activating and using background knowledge, generating and asking questions, making inferences, predicting, summarizing, visualizing
Reading levels for text material
frustrational- is able to read less than 90% of words correctly: instructional- can read/understand between 90-95% of text; independent- reads/understands at least 95-100% of text.
steps in the writing process
1. prewriting- strategies such as brainstorming, graphic organizers, notes, and logs to generate ideas and plans to determind audience and purpose; 2. draft- develop by organizing ideas into paragraphas to suit the audience and purpose 3. revise- draft for coherence, progression, and logical support of ideas by adding, elaborating, deleting, combining, and rearraging text; 4. edit- drafts to ensure standard usage, varied senence structure, and appropriate word choice; 5. publishing- use available technology to support aspects of creating, revising, editing, and publishing final product
the stongs, stories, myths, and proverbs of people or "folk" as handed down by word of mouth
fiction; stories are not intended to be accepted as ture; larger-than-life characters adn very unusual happenings
Reading to students in a text that is beyond their independent reading level is a good practice because
is exposes students to new vocabulary and concepts to expand their knowledge of word meanings.
books of true experience
nonfiction; true stories aobut real events from a person's life or parts of his/her life
fiction; plots are fast-paced and revolve around a suspenseful crime or mysterious happening.
How can a teacher best identify a student's word identification stratategies?
Ask the student to explain how he/she figured out the word.
a mistake in reading written words such as saying the wrong word, leaving out a word, repeating a word, inserting a word.
What are the advantages of using a basal program?
Basal books are controlled in their vocabulary and sentence structure
How can a teacher help students learn the importance of punctuation?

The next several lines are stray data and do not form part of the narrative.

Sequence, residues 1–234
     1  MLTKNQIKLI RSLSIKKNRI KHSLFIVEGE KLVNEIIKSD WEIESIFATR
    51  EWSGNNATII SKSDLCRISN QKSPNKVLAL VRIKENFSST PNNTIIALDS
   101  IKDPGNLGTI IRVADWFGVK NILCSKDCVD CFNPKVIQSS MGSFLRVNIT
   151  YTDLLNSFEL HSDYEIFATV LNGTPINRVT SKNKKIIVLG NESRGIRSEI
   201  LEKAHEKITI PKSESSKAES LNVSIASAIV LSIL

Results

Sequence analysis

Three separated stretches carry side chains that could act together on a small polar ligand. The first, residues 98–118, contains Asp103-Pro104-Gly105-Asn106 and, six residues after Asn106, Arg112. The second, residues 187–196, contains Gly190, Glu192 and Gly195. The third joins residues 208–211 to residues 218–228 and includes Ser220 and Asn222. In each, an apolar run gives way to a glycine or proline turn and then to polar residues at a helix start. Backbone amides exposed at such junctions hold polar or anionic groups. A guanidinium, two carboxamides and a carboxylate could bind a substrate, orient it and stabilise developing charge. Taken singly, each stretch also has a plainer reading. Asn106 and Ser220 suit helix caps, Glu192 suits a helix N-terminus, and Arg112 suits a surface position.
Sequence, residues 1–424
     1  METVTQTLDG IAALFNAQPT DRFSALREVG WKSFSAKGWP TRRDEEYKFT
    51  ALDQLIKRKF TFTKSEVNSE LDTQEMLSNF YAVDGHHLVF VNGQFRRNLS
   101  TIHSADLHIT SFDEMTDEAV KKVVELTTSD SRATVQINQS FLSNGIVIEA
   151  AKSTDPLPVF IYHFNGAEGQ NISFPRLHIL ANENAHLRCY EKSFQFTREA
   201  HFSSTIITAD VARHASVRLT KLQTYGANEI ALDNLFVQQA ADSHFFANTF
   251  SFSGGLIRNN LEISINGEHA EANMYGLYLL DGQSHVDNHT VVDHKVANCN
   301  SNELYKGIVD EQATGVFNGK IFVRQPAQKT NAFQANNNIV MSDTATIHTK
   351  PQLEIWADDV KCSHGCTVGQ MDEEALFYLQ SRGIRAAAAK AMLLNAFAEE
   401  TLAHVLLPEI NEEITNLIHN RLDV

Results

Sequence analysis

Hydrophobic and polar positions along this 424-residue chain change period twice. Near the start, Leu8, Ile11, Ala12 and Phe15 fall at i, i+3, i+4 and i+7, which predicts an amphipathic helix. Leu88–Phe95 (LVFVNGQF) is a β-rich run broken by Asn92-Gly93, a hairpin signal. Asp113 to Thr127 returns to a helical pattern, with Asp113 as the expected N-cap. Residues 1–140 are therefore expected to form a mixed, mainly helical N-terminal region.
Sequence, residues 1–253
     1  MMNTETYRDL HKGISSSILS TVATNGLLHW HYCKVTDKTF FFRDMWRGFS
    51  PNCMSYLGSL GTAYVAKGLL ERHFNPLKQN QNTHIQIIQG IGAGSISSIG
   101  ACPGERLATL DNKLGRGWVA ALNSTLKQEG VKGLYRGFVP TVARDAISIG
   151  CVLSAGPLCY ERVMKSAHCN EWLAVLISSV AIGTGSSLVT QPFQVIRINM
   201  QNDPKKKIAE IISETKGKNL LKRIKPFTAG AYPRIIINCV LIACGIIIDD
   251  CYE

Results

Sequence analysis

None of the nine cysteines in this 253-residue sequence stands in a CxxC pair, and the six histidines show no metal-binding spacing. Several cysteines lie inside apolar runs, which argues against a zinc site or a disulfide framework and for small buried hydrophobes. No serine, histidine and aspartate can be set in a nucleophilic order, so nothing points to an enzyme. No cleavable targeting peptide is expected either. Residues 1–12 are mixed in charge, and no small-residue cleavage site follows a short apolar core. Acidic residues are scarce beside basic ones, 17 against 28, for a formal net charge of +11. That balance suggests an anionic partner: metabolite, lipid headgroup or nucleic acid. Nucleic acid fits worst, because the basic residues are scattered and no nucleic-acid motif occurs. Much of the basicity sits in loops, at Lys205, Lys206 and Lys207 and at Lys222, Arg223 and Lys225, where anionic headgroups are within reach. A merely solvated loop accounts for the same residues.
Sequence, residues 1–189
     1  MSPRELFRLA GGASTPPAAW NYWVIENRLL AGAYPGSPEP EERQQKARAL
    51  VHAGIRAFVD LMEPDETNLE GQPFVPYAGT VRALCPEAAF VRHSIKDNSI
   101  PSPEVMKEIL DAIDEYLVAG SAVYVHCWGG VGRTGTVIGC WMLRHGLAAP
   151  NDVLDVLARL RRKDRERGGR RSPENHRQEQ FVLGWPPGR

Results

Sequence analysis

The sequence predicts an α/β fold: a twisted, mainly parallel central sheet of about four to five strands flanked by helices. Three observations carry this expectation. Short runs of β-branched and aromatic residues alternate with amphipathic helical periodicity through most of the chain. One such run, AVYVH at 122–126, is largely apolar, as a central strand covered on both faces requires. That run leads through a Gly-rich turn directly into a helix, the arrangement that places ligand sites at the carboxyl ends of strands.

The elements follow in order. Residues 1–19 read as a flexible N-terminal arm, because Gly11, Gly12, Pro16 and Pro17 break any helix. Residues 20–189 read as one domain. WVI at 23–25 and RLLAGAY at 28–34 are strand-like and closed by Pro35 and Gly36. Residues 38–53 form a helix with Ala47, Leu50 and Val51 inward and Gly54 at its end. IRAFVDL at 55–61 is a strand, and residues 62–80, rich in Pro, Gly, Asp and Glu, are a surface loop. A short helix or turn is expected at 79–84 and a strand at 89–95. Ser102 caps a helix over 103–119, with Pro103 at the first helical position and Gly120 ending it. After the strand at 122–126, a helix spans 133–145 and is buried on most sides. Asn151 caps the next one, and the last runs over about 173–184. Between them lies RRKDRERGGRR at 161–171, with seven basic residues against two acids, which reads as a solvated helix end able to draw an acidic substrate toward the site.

Have them read a passage in which punctuation has been omitted.
An effect way to promote the oral develpment of a 3-year-old preschooler is to...
verbally label adn describe events in the child's world.
What word identification strategies would help a child understand and pronounce correctly the words read, wind, and in a reading passage?
semantic and syntactic cues
a short, unrhymed poem consiting of twenty-two syllables distributed as 2,4, 6, 8, 2 in five lines.
a rhymed humorous, nonsense poem of five lines with last line ending in a suprise twist; highly controlled. Lines 1,2, and 5 rhyme.; Lines 3 and 4 rhyme
a unrhymed japanese verse consisting of three unrhymed lines of five, seven, and five syllables or 17 sylllables in all.
a type of oral or written discourse that is used to explain, describe, give information or inform.
figure of speech which involves a direct comparison between two unlike thinks, usually with the words like or as
figure of speech which involves an implied comparison between tow relatively unlike things using a form of be
repeated consonant sounds occurring at the beginning of words or within words; e.g., big, blue bear
The most common type of narrative order in children's books is...
chronological; the events are told in the order they happen
Preschool children's oral language development is best fostered by...
providing the children with opportunities to communicate with their peers and with adults in a wide range of contexts.
SSR (Sustained silent Reading)
a reading activity in which a block of time, typically 15-30 minutes, is allotted for students to engage in uninterrupted silent reading for pleasure.
Analyzing what an unfamiliar words' placement in a sentence suggest about the meaning of the word is an example of....
using syntactic clues.
When brainstorming potential topics for writing assignments, students should be mindful that...
no suggestion or statement by a student should be criticized as wrong or inappropriate.
One of the easies phonemic awareness tasks for young children is...
the ability to identify the initial sound of a word, such as the /d/ sound in dog.
A student's has satisfactory decoding skills, but the student has weak comprehension when reading. What should the teacher do to help the student?
Explicitly teach the student how to apply various comprehension strategies as the student reads.
A student has comprehension difficulty with content area reading. What shoudl the teacher do to help the student?
Explicitly teach the student about the parts and format of various nonfiction texts and the specialized terminology and language the texts use.